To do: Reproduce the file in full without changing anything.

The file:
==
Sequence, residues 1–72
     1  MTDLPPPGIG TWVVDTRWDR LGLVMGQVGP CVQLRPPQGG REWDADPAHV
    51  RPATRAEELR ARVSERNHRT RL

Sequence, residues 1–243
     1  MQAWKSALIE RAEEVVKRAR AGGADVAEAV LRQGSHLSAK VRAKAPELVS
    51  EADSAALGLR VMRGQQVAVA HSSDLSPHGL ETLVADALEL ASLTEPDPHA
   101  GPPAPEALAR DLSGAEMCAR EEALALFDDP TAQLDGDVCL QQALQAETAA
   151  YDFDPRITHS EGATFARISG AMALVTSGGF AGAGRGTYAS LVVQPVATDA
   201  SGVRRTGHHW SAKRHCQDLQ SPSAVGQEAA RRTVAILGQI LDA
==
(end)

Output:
Sequence, residues 1–72
     1  MTDLPPPGIG TWVVDTRWDR LGLVMGQVGP CVQLRPPQGG REWDADPAHV
    51  RPATRAEELR ARVSERNHRT RL

Sequence, residues 1–243
     1  MQAWKSALIE RAEEVVKRAR AGGADVAEAV LRQGSHLSAK VRAKAPELVS
    51  EADSAALGLR VMRGQQVAVA HSSDLSPHGL ETLVADALEL ASLTEPDPHA
   101  GPPAPEALAR DLSGAEMCAR EEALALFDDP TAQLDGDVCL QQALQAETAA
   151  YDFDPRITHS EGATFARISG AMALVTSGGF AGAGRGTYAS LVVQPVATDA
   201  SGVRRTGHHW SAKRHCQDLQ SPSAVGQEAA RRTVAILGQI LDA